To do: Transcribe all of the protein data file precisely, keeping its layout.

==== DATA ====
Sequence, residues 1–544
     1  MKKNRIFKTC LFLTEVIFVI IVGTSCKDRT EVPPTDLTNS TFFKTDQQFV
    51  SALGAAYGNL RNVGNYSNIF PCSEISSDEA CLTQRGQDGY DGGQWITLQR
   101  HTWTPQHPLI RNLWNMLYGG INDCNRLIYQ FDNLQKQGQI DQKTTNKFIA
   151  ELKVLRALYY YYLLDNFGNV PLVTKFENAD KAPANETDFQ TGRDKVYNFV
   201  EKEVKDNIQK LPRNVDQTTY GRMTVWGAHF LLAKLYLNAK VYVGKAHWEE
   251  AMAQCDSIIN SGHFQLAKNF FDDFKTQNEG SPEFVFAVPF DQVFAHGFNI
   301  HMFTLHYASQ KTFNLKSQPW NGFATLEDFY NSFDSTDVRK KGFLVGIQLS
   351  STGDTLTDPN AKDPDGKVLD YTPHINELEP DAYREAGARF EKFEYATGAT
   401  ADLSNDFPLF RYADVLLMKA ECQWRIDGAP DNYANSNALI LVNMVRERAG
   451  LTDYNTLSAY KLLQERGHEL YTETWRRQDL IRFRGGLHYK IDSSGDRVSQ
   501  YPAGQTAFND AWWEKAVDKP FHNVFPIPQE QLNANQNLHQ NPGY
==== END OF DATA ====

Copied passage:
Sequence, residues 1–544
     1  MKKNRIFKTC LFLTEVIFVI IVGTSCKDRT EVPPTDLTNS TFFKTDQQFV
    51  SALGAAYGNL RNVGNYSNIF PCSEISSDEA CLTQRGQDGY DGGQWITLQR
   101  HTWTPQHPLI RNLWNMLYGG INDCNRLIYQ FDNLQKQGQI DQKTTNKFIA
   151  ELKVLRALYY YYLLDNFGNV PLVTKFENAD KAPANETDFQ TGRDKVYNFV
   201  EKEVKDNIQK LPRNVDQTTY GRMTVWGAHF LLAKLYLNAK VYVGKAHWEE
   251  AMAQCDSIIN SGHFQLAKNF FDDFKTQNEG SPEFVFAVPF DQVFAHGFNI
   301  HMFTLHYASQ KTFNLKSQPW NGFATLEDFY NSFDSTDVRK KGFLVGIQLS
   351  STGDTLTDPN AKDPDGKVLD YTPHINELEP DAYREAGARF EKFEYATGAT
   401  ADLSNDFPLF RYADVLLMKA ECQWRIDGAP DNYANSNALI LVNMVRERAG
   451  LTDYNTLSAY KLLQERGHEL YTETWRRQDL IRFRGGLHYK IDSSGDRVSQ
   501  YPAGQTAFND AWWEKAVDKP FHNVFPIPQE QLNANQNLHQ NPGY